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How much is too much for the Broncos to trade for Aaron Rodgers?

Can the Broncos really sell the farm for a 37-year old MVP?

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There’s been numerous reports all offseason that the Broncos are interested in veteran quarterbacks. Matthew Stafford, Deshaun Watson, Sam Darnold, Teddy Bridgewater, and now Aaron Rodgers. If a deal is going to come together for the disgruntled MVP, it will happen after June 1st when a trade wouldn’t completely cripple the Green Bay Packers’ salary cap.

At least on the surface, any trade looks like a no-brainer. Rodgers was one of the three or four best starting quarterbacks in football a season ago, while Drew Lock finished among the five worst in just about every single statistic. Digging a little deeper, questions begin to crop up.

Would Rodgers be the reigning MVP or the QB Love was drafted to replace?

While it’s true Aaron Rodgers won the MVP in 2020 and led the Packers to the doorstep of the Super Bowl in back to back seasons under Matt LaFleur, Green Bay clearly saw an end in sight for the 37-year old after the 2019 season. Brian Gutekunst didn’t just draft Jordan Love in the first round, he traded away a fourth pick pick to ensure he had the opportunity to do so. This happened less than a year after Gutekunst handed Rodgers a 4-year, $134 million contract extension with $78.7 million guaranteed at signing. What gives?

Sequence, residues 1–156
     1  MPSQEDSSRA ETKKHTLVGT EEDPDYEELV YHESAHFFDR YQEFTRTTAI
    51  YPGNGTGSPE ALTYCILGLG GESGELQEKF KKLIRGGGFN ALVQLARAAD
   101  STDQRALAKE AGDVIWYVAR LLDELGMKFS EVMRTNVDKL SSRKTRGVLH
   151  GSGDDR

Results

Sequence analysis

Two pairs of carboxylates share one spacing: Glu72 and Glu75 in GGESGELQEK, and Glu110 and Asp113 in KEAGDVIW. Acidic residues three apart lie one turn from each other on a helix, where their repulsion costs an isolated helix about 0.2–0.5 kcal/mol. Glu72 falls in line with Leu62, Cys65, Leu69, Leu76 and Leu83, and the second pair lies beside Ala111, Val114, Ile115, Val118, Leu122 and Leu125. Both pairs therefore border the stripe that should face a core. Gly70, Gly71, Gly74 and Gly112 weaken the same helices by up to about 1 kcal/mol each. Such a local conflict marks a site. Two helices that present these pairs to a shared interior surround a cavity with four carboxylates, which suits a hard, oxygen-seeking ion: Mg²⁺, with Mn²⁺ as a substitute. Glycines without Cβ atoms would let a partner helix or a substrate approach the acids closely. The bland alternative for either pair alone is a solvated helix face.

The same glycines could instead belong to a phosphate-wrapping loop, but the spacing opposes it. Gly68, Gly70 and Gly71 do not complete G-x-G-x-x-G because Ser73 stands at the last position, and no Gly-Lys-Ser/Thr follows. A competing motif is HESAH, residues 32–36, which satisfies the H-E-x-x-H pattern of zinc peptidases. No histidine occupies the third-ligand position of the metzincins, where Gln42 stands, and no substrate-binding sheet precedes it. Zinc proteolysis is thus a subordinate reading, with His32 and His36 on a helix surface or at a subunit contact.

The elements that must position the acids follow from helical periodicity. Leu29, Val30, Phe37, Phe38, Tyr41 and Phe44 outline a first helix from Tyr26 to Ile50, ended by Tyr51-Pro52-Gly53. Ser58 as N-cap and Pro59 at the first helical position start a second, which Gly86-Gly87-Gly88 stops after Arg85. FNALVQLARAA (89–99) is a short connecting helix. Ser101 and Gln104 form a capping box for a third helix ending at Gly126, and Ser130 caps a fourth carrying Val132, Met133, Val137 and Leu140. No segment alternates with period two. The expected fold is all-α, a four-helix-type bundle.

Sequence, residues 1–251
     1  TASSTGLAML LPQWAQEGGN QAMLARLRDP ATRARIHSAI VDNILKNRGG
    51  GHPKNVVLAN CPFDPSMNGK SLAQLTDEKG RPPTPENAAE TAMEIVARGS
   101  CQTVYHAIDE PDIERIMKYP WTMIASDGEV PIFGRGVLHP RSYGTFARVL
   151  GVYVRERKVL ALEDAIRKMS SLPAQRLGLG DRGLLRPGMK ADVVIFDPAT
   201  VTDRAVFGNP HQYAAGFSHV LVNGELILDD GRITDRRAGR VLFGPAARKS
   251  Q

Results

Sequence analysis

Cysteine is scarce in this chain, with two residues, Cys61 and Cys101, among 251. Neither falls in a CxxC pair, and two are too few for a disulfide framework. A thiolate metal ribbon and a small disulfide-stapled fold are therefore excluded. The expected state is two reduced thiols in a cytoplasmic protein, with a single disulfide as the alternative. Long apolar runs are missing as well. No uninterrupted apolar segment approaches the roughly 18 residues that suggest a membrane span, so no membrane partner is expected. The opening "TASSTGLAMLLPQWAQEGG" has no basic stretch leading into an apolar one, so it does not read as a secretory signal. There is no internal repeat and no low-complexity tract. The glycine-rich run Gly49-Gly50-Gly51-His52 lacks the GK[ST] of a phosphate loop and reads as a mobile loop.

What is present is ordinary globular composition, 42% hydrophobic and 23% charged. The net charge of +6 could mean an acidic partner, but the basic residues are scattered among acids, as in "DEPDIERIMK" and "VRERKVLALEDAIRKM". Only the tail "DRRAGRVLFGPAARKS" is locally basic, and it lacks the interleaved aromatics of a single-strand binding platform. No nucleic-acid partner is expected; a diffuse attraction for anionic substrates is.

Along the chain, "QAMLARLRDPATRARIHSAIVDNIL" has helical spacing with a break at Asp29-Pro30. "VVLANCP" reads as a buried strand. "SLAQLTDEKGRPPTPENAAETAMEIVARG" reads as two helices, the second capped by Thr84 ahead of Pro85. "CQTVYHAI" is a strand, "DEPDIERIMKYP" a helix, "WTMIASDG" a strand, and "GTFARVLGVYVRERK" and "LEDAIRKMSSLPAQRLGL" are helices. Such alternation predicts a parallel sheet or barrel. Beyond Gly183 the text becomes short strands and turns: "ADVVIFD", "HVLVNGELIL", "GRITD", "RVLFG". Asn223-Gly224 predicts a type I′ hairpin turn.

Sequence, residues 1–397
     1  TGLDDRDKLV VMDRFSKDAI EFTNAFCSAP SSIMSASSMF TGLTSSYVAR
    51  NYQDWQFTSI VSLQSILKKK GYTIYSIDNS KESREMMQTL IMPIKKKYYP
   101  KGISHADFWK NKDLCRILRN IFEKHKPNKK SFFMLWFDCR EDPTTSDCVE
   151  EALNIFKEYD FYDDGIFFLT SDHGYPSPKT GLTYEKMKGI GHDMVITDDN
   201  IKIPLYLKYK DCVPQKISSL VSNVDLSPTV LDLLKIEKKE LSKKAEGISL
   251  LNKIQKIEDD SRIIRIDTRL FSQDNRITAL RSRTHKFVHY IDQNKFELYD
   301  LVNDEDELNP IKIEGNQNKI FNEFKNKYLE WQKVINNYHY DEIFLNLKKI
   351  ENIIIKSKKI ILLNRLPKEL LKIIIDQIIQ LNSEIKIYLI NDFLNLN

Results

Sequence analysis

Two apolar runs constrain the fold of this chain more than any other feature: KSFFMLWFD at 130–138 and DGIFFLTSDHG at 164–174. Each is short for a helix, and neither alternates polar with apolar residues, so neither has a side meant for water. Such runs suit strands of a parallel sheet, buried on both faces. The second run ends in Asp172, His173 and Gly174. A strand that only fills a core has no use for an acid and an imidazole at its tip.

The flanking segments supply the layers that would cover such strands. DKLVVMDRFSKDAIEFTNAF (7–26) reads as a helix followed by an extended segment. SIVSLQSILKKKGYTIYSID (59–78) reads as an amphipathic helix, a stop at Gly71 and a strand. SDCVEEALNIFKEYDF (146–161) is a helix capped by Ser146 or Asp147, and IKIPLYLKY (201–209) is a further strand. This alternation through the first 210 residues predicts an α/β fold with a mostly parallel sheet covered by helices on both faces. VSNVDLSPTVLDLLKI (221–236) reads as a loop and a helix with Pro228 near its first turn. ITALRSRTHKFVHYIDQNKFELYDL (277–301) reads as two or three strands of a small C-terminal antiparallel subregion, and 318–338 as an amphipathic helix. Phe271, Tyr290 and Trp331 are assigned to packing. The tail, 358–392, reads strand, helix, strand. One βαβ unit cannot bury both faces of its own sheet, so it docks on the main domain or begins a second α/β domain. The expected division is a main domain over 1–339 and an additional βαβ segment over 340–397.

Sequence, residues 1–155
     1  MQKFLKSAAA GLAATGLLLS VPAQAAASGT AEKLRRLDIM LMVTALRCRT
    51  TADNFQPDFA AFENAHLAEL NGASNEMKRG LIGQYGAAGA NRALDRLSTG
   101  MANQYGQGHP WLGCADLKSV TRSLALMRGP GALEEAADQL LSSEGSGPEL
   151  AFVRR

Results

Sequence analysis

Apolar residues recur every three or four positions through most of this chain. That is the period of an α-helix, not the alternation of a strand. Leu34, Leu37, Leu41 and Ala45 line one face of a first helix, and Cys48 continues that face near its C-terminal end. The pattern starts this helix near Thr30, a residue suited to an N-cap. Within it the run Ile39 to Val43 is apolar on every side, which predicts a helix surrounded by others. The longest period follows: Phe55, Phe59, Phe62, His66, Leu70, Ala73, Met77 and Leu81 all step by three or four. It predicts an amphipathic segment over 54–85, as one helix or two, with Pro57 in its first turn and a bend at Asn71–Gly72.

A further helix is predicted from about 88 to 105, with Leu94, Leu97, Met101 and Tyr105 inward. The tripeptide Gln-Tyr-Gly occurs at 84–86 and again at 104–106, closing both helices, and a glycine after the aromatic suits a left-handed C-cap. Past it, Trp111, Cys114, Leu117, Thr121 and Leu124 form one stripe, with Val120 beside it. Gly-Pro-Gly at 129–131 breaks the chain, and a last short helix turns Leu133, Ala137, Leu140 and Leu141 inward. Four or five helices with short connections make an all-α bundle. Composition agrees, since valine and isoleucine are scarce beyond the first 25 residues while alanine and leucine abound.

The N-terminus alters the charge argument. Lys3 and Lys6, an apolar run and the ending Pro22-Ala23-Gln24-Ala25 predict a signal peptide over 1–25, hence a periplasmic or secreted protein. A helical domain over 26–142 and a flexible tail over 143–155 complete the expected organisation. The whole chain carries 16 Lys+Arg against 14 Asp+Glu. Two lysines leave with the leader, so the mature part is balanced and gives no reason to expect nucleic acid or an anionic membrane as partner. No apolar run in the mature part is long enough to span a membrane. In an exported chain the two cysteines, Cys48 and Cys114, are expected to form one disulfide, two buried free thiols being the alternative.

After the draft, LeFleur said the Packers were simply following their draft board.

“It was just one of those situations where there were a couple guys targeted that had just previously been picked and Jordan was the next guy on the board, and so we went with the best player at the time,”

Perhaps I’m just a cynic, but I find the rationale hard to buy given the trade up to acquire Love. It’s certainly possible Green Bay’s front office and coaching staff were simply enamored with Love the prospect, but NFL decision makers don’t find their way to top jobs by being naïve. Anyone with a pulse knew what message the trade up and selection sent to a certain Hall of Fame quarterback.